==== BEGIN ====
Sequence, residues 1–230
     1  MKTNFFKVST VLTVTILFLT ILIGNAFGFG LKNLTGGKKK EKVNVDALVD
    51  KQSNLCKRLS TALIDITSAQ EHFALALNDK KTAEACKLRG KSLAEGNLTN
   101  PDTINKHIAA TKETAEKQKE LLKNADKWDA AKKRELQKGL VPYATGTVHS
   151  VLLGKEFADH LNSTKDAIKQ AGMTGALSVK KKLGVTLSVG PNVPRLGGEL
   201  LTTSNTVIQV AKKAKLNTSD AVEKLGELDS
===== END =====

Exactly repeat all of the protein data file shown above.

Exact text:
Sequence, residues 1–230
     1  MKTNFFKVST VLTVTILFLT ILIGNAFGFG LKNLTGGKKK EKVNVDALVD
    51  KQSNLCKRLS TALIDITSAQ EHFALALNDK KTAEACKLRG KSLAEGNLTN
   101  PDTINKHIAA TKETAEKQKE LLKNADKWDA AKKRELQKGL VPYATGTVHS
   151  VLLGKEFADH LNSTKDAIKQ AGMTGALSVK KKLGVTLSVG PNVPRLGGEL
   201  LTTSNTVIQV AKKAKLNTSD AVEKLGELDS